Should We Pray for North Korea’s Demise?

October 13, 2017 by Joshua Pease in Stories of Persecution

Yesterday’s news of North Korea launching an intercontinental ballistic missile test capable of striking North America gives us yet another reason to pray with Christians in both North Korea and South Korea. On top of this, we have never been more aware of just how horrible life is for Christians in the North Korean regime. Simply owning a Bible is enough to be considered an enemy of the state, and many North Korean Christians are spending the rest of their lives malnourished, mistreated, and dying in a prison camp.

While it’s clear as Christians that we are called to pray, what’s less clear is what we should pray. Below, we identify three biblical prompts Scripture gives us to guide us as we talk to God about this critical situation. 



Nothing was more central to the prayer of life of the Old Testament people than the psalms. More than just songs that were sung, the book of Psalms is a devotional guide to God’s chosen nation of how they were to relate to him. Considering how often Jesus and the writers of the New Testament references these psalms, it’s fair to say that we as Christians can still look to them for guidance in how to pray to God.

One of the dominant themes in Psalms is a crying out for justice. Look, for instance, at Psalm 10, where we read…

O Lord, punish those wicked people!
   Remember those who are suffering!
How can the wicked despise God
   and say to themselves, “He will not punish me”?
But you do see; you take notice of trouble and suffering
   and are always ready to help.
The helpless commit themselves to you;
   you have always helped the needy.
Break the power of wicked and evil people;
   punish them for the wrong they have done
   until they do it no more.

This is just one of dozens of moments (and a fairly tame one at that) in Psalms where the writer cries out for justice, and it’s hard to hear how the psalmist rails against the evil, powerful rulers and not think of the atrocities occurring in North Korea.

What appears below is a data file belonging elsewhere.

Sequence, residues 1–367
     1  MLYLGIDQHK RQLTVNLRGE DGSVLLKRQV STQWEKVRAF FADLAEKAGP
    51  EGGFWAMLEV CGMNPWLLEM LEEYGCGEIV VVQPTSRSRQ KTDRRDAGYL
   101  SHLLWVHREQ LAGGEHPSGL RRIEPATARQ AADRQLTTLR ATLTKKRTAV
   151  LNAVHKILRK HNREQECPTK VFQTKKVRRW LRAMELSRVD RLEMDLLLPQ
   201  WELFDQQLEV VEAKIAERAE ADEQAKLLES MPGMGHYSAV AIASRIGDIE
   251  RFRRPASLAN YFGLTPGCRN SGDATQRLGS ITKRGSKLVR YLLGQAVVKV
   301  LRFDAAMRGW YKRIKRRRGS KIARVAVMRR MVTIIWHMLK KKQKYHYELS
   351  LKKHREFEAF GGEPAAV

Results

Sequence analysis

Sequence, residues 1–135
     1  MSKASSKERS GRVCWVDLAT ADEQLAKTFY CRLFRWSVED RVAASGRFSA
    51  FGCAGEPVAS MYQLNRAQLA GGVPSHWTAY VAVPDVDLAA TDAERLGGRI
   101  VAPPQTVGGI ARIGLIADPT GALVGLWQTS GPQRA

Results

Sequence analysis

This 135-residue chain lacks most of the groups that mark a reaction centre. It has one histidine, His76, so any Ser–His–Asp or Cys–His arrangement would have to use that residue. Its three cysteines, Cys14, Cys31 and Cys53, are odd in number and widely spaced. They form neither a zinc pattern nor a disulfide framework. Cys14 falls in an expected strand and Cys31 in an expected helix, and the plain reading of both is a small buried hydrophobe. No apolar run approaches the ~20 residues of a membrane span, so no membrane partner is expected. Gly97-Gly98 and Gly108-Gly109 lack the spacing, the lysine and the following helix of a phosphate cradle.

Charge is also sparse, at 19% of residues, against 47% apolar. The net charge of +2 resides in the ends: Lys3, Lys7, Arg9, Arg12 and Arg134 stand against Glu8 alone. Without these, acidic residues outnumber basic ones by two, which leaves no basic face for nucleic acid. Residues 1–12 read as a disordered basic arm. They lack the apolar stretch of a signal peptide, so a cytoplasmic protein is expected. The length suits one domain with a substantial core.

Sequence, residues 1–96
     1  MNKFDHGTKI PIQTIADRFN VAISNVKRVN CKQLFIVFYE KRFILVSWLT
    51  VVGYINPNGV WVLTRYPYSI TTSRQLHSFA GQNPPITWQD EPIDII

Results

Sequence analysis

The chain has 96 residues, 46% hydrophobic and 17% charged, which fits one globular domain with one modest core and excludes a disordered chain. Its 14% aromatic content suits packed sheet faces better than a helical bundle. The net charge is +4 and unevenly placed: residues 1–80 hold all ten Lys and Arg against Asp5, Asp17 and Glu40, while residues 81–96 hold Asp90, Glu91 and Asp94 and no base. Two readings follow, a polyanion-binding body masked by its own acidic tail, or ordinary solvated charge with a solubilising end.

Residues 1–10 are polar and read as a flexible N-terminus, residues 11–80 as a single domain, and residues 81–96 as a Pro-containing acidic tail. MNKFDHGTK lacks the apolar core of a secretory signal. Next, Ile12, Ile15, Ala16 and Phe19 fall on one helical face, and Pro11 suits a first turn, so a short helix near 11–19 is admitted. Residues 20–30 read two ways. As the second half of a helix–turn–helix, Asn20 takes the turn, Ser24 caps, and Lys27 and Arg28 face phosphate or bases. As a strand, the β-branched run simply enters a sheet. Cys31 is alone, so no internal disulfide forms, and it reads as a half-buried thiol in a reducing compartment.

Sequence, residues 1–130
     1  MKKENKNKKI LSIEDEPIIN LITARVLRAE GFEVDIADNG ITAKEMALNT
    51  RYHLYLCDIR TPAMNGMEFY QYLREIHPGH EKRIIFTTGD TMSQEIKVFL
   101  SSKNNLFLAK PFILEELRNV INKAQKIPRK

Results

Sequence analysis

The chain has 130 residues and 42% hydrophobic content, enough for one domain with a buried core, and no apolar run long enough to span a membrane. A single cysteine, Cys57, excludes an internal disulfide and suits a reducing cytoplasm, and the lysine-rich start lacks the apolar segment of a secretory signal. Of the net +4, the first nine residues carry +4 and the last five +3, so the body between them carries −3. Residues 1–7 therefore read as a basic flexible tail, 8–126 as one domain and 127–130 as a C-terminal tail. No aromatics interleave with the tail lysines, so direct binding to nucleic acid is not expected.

God makes it clear that He hates the oppression of the innocent, and those who rule corruptly, and so one of our prayers for North Korea absolutely should be that God would overthrow the wickedness of Kim Jong Un’s administration and for His Kingdom to reign in this dark nation.


Standing side-by-side with a plea for justice is the instruction to pray for our enemies. In Matthew 5, Jesus says the following:

“You have heard that it was said, ‘Love your neighbor and hate your enemy.’But I tell you, love your enemies and pray for those who persecute you, that you may be children of your Father in heaven. He causes his sun to rise on the evil and the good, and sends rain on the righteous and the unrighteous.

As Christians we believe that while there are different levels of evil, all of us have sinned and fallen short of God. We also believe the only way we have found salvation is through the unearned grace extended to us through Jesus.

Because of that, we are always rooting for everyone—even our enemies—to find salvation through our Savior. We are to be like God, who as we are told “does not desire that anyone should perish.”

A Christian prayer for North Korea then involves praying for all of the oppressors in that country: that God would somehow transform the hearts of Kim Jong Un, his administration, his soldiers, and the North Korean people.


And yet how do both of these make sense? How do we simultaneously pray for the destruction of North Korea and pray for God’s mercy to fall on them? We live in this tension by remembering that prayer isn’t just about asking for God’s intervention in the world around us, but His intervention in us.

As we pray for North Korea, we acknowledge the fact that we don’t know what should happen. We pray that God would bring his peace, even as we can’t imagine a way that could occur. We remember that sometimes when we don’t know what to pray, the Holy Spirit intercedes for us on our behalf, and so we ask Him to do that.

In other words, we remember that we aren’t just asking for God’s Kingdom to come, but also His will to be done. We discover in prayer our fragility and inability to solve our world’s problems and throw ourselves at the feet of our Father in Heaven, asking “Please Dad, can you fix this?”

It’s this humble posture of prayer, we are told, that God hears most: “And the Holy Spirit helps us in our weakness. For example, we don’t know what God wants us to pray for. But the Holy Spirit prays for us with groanings that cannot be expressed in words” (Romans 8:26).